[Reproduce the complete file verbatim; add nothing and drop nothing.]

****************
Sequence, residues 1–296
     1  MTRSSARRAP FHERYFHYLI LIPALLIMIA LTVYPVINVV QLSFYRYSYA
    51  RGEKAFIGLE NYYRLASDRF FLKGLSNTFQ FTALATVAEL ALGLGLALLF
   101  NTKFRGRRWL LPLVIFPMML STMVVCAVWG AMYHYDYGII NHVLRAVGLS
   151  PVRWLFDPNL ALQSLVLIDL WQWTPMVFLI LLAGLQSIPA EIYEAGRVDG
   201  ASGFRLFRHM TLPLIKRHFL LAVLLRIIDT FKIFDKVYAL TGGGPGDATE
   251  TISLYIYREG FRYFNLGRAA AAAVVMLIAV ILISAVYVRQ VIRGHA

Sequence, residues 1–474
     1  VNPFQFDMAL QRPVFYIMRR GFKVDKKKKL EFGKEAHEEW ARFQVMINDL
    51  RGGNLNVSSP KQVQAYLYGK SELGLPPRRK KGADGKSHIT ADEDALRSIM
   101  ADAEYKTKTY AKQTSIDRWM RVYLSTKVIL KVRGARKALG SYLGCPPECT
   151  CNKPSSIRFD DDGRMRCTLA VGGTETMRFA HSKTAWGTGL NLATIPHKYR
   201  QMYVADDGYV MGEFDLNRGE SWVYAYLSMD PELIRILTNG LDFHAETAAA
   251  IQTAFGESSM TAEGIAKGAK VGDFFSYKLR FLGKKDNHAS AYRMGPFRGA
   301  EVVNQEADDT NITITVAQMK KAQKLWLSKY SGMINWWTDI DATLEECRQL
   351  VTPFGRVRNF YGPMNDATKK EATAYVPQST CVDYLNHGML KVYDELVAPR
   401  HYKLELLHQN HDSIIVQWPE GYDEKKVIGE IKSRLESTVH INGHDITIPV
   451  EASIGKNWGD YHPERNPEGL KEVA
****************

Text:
Sequence, residues 1–296
     1  MTRSSARRAP FHERYFHYLI LIPALLIMIA LTVYPVINVV QLSFYRYSYA
    51  RGEKAFIGLE NYYRLASDRF FLKGLSNTFQ FTALATVAEL ALGLGLALLF
   101  NTKFRGRRWL LPLVIFPMML STMVVCAVWG AMYHYDYGII NHVLRAVGLS
   151  PVRWLFDPNL ALQSLVLIDL WQWTPMVFLI LLAGLQSIPA EIYEAGRVDG
   201  ASGFRLFRHM TLPLIKRHFL LAVLLRIIDT FKIFDKVYAL TGGGPGDATE
   251  TISLYIYREG FRYFNLGRAA AAAVVMLIAV ILISAVYVRQ VIRGHA

Sequence, residues 1–474
     1  VNPFQFDMAL QRPVFYIMRR GFKVDKKKKL EFGKEAHEEW ARFQVMINDL
    51  RGGNLNVSSP KQVQAYLYGK SELGLPPRRK KGADGKSHIT ADEDALRSIM
   101  ADAEYKTKTY AKQTSIDRWM RVYLSTKVIL KVRGARKALG SYLGCPPECT
   151  CNKPSSIRFD DDGRMRCTLA VGGTETMRFA HSKTAWGTGL NLATIPHKYR
   201  QMYVADDGYV MGEFDLNRGE SWVYAYLSMD PELIRILTNG LDFHAETAAA
   251  IQTAFGESSM TAEGIAKGAK VGDFFSYKLR FLGKKDNHAS AYRMGPFRGA
   301  EVVNQEADDT NITITVAQMK KAQKLWLSKY SGMINWWTDI DATLEECRQL
   351  VTPFGRVRNF YGPMNDATKK EATAYVPQST CVDYLNHGML KVYDELVAPR
   401  HYKLELLHQN HDSIIVQWPE GYDEKKVIGE IKSRLESTVH INGHDITIPV
   451  EASIGKNWGD YHPERNPEGL KEVA